Update 07/19/10 - Alexa & Technica 3D
I've been trying to re-focus the blog component of this site to be more research oriented so I'm somewhat loathe to do a "status update" type post but I've been totally out of the loop for a few weeks and wanted to share some stuff.
First off, I checked out the Alexa at Arri CSC's "Meet Alexa" event in Secaucus, NJ a few weeks ago. Getting out of bed at 7:30 to get to Jersey by 9AM on a Saturday morning was painful but totally worth it. It's such a simple system so there's really not much to say. It's a little smaller than a RED One, beautiful design and ergonomics, brilliant color viewfinder, etc. Despite what some camps are pointing out, the images we shot and examined at Arri seemed incredibly sharp and resolved. Almost too sharp. The latitude and sensitivity are simply amazing and the skin tones are beautiful right out of the gate.
That's the thing - this is a "digital film" camera in the sense that it's intended to produce a high quality, robust, and faithful image that will be taken into a Digital Intermediate suite for grading and finishing - just like celluloid. There is no painting this camera on-set other than doing some non-destructive LUT's in SpeedGrade or a similar application. In fact, just like selecting a traditional motion picture film stock where you can only choose a color balance (3200k, 5500k) and ISO/EI, Arri has tried to keep it familiar with the Alexa where you have only 4 ways of affecting the image in-camera - Sensitivity (ISO), White Balance (Kelvin), some basic Tint Control (Green/Magenta), and you can also switch between a Linear and Log Gamma curve depending on your workflow. Working within these parameters, shooting ArriRaw to a data recorder like a S.Two OB-1 will buy you the most visual information and is the most quality conscientious way to work with the camera. Because the Alexa also has the ability to record non-raw, raster video in the form of master quality ProRes 4444 files, I was hoping for some basic paintability in the event a producer wants to use them for their online. These files are very robust so I predict a lot of productions will opt for the ProRes workflow as it's faster and more cost effective. I totally understand why Arri didn't include Paint menus though. They really want you to think of this more like film than video.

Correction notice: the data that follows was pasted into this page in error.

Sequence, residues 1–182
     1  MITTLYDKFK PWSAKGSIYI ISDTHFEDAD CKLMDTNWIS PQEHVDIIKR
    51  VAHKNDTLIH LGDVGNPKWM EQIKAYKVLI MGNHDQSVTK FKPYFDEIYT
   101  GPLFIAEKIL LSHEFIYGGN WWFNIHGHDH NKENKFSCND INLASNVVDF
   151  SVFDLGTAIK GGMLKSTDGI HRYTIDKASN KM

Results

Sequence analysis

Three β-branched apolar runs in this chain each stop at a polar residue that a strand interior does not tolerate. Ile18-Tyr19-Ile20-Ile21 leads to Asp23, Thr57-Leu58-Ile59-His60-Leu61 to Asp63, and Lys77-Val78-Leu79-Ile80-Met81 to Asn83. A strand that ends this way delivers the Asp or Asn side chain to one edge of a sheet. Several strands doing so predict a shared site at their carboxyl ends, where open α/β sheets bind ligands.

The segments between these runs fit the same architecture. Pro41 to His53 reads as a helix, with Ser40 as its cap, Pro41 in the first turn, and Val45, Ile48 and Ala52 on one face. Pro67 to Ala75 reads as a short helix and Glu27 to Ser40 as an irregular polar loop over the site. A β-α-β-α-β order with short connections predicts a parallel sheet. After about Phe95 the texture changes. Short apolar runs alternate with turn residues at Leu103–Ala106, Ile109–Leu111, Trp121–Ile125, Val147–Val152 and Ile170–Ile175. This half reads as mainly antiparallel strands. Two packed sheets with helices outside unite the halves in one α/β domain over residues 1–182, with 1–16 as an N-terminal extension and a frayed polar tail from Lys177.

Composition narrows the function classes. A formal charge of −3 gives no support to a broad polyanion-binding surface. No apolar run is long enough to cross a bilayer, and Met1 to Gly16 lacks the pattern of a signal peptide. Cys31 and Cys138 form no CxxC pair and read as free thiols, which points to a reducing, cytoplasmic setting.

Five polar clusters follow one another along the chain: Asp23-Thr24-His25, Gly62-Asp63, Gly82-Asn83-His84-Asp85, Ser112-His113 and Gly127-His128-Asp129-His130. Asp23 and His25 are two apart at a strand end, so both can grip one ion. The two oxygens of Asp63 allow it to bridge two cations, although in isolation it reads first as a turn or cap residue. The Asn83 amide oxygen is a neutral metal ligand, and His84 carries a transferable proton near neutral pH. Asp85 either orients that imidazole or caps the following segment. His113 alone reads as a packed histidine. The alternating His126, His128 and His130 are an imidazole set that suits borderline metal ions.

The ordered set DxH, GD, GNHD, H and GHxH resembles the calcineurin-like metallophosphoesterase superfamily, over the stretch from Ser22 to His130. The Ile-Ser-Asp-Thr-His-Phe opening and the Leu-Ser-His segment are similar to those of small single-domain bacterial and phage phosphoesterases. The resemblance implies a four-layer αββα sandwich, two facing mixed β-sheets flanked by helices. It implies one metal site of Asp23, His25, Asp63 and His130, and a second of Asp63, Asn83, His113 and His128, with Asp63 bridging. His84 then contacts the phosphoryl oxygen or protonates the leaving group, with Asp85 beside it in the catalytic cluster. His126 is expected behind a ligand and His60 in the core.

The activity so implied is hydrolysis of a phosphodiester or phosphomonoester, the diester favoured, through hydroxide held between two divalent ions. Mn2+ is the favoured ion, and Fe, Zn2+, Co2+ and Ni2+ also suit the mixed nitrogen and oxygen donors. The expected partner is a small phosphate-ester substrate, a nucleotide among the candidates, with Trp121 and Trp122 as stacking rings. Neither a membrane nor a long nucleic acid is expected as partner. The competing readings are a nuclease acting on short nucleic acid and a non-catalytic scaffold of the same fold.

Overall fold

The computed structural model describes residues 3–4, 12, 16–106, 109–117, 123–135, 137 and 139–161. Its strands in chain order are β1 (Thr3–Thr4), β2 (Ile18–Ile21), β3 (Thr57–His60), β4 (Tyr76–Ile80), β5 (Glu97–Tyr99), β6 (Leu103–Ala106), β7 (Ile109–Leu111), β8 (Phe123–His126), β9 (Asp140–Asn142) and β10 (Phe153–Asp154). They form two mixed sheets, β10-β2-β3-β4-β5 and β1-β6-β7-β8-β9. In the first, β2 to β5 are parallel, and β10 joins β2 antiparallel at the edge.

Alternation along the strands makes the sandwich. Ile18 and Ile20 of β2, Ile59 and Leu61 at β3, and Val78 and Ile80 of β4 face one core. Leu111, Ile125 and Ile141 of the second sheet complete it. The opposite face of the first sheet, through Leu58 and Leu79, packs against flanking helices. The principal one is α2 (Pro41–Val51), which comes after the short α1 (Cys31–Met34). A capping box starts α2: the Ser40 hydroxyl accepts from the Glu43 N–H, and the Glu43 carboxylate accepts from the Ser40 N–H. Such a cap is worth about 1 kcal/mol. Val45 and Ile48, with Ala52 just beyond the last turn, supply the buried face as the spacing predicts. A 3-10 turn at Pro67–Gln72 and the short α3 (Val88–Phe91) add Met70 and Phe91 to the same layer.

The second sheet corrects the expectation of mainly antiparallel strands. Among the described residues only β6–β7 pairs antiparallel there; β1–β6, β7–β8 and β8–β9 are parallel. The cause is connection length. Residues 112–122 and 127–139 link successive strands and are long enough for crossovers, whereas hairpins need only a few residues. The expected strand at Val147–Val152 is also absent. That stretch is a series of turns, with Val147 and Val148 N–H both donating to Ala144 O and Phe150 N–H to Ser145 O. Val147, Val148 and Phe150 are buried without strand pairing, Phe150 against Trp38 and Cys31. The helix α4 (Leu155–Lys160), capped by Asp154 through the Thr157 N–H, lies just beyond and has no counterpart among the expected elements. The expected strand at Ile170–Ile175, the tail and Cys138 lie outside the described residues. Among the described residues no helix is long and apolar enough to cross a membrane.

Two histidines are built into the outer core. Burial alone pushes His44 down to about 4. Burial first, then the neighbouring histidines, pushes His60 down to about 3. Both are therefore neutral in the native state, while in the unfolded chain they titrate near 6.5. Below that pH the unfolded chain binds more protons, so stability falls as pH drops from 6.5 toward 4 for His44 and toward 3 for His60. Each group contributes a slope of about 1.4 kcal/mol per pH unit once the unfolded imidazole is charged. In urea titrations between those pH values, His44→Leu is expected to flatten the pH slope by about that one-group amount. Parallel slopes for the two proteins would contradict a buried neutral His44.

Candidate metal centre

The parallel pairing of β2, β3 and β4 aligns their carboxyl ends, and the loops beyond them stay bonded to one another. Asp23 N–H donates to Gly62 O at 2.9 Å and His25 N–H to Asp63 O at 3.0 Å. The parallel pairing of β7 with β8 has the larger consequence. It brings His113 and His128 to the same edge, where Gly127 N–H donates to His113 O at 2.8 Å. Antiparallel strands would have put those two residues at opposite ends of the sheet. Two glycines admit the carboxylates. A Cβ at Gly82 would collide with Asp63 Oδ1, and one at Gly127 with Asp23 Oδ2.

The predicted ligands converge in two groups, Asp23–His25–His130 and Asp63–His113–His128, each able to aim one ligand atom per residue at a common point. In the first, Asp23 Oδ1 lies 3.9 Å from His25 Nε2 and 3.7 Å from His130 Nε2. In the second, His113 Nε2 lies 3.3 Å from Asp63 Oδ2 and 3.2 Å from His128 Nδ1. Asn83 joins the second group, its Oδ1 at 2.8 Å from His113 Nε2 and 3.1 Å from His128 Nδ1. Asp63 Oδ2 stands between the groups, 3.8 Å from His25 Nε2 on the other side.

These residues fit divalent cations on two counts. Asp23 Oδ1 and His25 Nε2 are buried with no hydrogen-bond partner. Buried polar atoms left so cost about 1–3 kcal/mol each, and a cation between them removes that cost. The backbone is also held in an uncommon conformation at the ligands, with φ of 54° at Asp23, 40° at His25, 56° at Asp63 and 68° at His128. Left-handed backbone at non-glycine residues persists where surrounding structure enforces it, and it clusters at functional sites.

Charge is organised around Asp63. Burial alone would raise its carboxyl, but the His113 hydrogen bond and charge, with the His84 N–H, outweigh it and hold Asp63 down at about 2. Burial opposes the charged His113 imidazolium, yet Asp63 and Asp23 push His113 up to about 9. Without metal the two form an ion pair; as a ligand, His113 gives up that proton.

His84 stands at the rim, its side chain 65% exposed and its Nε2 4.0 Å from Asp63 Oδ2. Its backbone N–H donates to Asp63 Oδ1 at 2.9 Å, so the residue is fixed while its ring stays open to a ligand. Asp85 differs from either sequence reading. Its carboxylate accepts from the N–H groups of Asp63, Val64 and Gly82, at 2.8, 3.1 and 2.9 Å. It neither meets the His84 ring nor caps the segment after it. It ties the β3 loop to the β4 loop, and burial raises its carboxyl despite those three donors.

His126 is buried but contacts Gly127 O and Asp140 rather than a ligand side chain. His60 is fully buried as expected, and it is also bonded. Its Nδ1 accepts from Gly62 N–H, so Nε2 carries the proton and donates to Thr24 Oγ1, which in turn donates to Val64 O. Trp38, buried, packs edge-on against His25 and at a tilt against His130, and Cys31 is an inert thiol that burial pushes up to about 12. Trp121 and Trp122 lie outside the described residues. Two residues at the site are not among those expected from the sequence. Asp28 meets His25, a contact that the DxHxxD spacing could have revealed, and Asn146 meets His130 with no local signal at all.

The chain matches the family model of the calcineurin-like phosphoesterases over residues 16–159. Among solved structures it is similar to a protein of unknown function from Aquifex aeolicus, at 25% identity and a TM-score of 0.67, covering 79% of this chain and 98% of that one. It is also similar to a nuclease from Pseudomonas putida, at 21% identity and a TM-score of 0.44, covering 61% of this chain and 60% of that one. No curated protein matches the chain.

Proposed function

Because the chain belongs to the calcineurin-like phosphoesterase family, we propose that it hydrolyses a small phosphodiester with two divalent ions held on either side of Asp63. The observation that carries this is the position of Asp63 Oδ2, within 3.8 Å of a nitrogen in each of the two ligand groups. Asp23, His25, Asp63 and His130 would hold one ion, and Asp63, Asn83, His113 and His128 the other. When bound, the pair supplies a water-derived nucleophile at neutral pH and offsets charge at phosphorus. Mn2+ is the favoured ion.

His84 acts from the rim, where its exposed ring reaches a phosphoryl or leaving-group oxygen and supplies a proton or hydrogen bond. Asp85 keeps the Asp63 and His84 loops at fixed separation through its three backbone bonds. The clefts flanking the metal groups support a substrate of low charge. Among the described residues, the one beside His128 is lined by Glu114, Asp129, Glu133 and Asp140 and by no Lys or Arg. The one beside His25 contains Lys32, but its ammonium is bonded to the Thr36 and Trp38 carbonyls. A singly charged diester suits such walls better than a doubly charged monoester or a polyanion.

Next up, I just returned from a week at Element Technica in L.A. getting trained on their stereoscopic rigs. This stuff is so f-n cool. Prior to this I had no hands-on experience with stereoscopic video and the first time you successfully align the cameras and see the 3D effect come to life on the monitor is a pretty sweet feeling. Right now, there simply aren't enough training options for 3D. There are a handful of courses being offered and most of them are very exclusive and/or expensive or focused on a specific product such as the upcoming Panasonic AG-3DA1 so if you want to really learn this stuff you have to be aggressive about it.
Here's the Quasar Rig built out in Under-Thru Beam Splitter Mode with 2x R1's.
3/4 View (note: The Inter-Ocular motors and control box aren't on nor are FIZ control for the lenses.)
Quasar in Side by Side for when greater Inter-Ocular is required.
Neutron Rig (for smaller camera heads like the SI-2K) in Over-Thru Beam Splitter Mode.
Neutron Rig in Side by Side Mode.
It was a great week and I really enjoyed getting to know all the people who were there doing the training. I already miss our long, beer soaked lunches at Father's Office. But as usual, what I always miss most about L.A. - Amoeba Music!
We used to have the Kim's Video Superstore here in NY and that paled in comparison to mighty Amoeba but now we don't even have that. Kim's has sadly been reduced to a tiny one room store in the East Village. Makes me sick..